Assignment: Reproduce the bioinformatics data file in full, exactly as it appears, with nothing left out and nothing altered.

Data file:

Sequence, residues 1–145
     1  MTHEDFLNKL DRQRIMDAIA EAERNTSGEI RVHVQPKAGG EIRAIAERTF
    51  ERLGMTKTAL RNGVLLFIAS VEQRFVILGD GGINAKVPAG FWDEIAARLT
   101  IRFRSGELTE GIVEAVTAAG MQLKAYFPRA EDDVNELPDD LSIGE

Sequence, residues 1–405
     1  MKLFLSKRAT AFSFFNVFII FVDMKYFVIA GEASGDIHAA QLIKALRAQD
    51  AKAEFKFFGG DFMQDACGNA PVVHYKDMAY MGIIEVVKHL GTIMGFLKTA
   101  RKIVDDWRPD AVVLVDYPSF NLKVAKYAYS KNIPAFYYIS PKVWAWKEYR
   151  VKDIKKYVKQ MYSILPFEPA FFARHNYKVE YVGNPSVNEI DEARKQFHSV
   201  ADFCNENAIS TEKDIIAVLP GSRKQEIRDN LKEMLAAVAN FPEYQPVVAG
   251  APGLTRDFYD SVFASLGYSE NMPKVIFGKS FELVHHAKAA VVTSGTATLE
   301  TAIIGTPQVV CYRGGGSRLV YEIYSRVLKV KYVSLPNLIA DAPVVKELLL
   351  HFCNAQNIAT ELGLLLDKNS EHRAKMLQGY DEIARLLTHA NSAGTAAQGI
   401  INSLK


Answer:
Sequence, residues 1–145
     1  MTHEDFLNKL DRQRIMDAIA EAERNTSGEI RVHVQPKAGG EIRAIAERTF
    51  ERLGMTKTAL RNGVLLFIAS VEQRFVILGD GGINAKVPAG FWDEIAARLT
   101  IRFRSGELTE GIVEAVTAAG MQLKAYFPRA EDDVNELPDD LSIGE

Sequence, residues 1–405
     1  MKLFLSKRAT AFSFFNVFII FVDMKYFVIA GEASGDIHAA QLIKALRAQD
    51  AKAEFKFFGG DFMQDACGNA PVVHYKDMAY MGIIEVVKHL GTIMGFLKTA
   101  RKIVDDWRPD AVVLVDYPSF NLKVAKYAYS KNIPAFYYIS PKVWAWKEYR
   151  VKDIKKYVKQ MYSILPFEPA FFARHNYKVE YVGNPSVNEI DEARKQFHSV
   201  ADFCNENAIS TEKDIIAVLP GSRKQEIRDN LKEMLAAVAN FPEYQPVVAG
   251  APGLTRDFYD SVFASLGYSE NMPKVIFGKS FELVHHAKAA VVTSGTATLE
   301  TAIIGTPQVV CYRGGGSRLV YEIYSRVLKV KYVSLPNLIA DAPVVKELLL
   351  HFCNAQNIAT ELGLLLDKNS EHRAKMLQGY DEIARLLTHA NSAGTAAQGI
   401  INSLK